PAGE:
Monday, 10 December 2012

Ice and snow

Double whammy!

Our excellent results in the school exams is all very well, but the real victory came last Thursday when we finally won the local pub quiz. In fact there were so many of us from the class that we had to split into three teams, and dominated the event with a first, second and third place.

Unfortunately, for us, the only way is down.

Back to work...

Our studies have shifted up another gear, with new material coming at us thick and fast. There is a great deal still to cover before the end of phase one in five teaching weeks, and we will need to continue accelerate to fit it all in. At the same time, the studying has settled into a habitual pattern and the only worry really is whether the information is actually sticking in our heads.

I have noticed that as we progress, the subjects are starting to come together and re-enforce each other. For example, last week we looked at the details of flying controls in both principles of flight and in aircraft systems, and the different perspectives really help to understand the subjects.

The pilot of this aircraft looks to have been fortunate -
it's still in one piece.
Another area that has recently come up in no less than four classes – aircraft systems, meteorology, engines and principles of flight – is icing.

This rather innocuous-sounding problem of super-cooled water droplets freezing onto your plane is described academically as 'increasing drag, reducing lift and increasing weight,' but that rather conceals the true magnitude of the problem. Remember Col Kurtz uttering "The horror. The horror."? That's more like it.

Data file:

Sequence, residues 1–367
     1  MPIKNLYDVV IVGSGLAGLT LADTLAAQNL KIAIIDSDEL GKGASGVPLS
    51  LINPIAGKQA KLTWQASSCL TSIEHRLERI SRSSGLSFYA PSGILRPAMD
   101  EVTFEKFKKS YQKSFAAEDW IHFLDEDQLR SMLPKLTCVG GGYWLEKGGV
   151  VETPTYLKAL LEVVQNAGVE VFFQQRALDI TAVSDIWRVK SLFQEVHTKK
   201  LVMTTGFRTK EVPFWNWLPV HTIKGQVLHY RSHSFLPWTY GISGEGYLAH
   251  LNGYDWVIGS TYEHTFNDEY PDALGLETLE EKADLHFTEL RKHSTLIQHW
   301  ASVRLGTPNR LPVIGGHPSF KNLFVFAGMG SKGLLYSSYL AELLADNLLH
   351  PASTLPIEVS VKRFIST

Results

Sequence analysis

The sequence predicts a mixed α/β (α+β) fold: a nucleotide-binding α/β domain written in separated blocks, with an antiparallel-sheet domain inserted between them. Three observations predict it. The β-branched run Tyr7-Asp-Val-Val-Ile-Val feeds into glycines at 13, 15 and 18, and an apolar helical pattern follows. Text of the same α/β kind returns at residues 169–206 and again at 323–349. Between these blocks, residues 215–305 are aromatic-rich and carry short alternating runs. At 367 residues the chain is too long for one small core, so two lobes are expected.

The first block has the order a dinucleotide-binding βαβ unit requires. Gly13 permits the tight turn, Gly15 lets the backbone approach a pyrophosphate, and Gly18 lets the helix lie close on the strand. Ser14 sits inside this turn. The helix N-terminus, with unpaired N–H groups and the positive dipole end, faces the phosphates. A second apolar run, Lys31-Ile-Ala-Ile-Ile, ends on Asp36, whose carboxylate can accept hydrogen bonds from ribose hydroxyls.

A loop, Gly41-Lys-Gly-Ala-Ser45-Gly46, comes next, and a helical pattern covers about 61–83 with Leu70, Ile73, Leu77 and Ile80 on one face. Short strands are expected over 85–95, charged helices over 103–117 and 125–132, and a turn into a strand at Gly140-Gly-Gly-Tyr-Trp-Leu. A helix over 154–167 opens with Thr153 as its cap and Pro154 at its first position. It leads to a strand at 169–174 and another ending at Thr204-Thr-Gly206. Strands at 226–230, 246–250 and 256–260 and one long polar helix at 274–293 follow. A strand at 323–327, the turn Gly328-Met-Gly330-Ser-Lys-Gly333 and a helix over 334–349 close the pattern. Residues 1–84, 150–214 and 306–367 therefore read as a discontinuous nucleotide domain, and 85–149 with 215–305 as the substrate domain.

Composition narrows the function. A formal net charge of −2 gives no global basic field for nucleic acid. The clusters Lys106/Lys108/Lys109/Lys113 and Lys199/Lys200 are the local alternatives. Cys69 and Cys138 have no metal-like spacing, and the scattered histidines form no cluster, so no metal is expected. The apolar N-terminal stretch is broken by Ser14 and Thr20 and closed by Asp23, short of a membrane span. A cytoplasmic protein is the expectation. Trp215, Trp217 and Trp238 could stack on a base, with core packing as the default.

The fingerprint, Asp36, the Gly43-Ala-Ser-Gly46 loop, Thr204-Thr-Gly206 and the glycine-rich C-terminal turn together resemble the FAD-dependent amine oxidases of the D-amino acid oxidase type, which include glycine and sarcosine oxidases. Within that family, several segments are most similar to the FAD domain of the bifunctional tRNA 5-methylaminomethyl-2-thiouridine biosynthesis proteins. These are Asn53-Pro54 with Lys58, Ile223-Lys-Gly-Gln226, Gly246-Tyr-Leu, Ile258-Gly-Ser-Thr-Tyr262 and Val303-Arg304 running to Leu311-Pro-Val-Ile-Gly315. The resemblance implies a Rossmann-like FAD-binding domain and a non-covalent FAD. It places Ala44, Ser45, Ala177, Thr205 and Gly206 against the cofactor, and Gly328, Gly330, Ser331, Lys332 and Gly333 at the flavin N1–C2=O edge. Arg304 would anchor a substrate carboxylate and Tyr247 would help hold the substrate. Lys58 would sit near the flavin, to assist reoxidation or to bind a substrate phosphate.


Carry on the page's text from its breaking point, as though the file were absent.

You could equally well describe icing as like having half the wing sawn off, an anvil hung off the bottom and a parachute streaming out the back, all at once. Added to that your instruments may well stop working and in extremis engines can be damaged and may fail and flight controls can freeze solid.

I'm not necessarily talking about lots of ice here, just the sort of stuff you scrape off the windscreen of your car in the morning could be enough to turn a routine take-off into an accident.

With significant airframe icing you might not exactly plummet earth, but maintaining height could become impossible. The aircraft will stall at a higher – but unknown – speed so landing with ice on the wing becomes a fast and risky manoeuvre.

So as you would expect, aircraft designers go to enormous lengths to provide systems to prevent and remove ice. Airlines spend a fortune on de-icing and anti-icing planes on the ground and the weather people do their best to help pilots avoid icing conditions.

All of which adds up to another couple of hundred facts for us to store away in our crowded brains. Facts totally useless for the pub quiz; facts very handy for a few extra marks in the exams; and facts that might, just possibly, prevent an accident one day. A sobering thought as we scrape away at our frozen car windscreens at 7.30am each morning.

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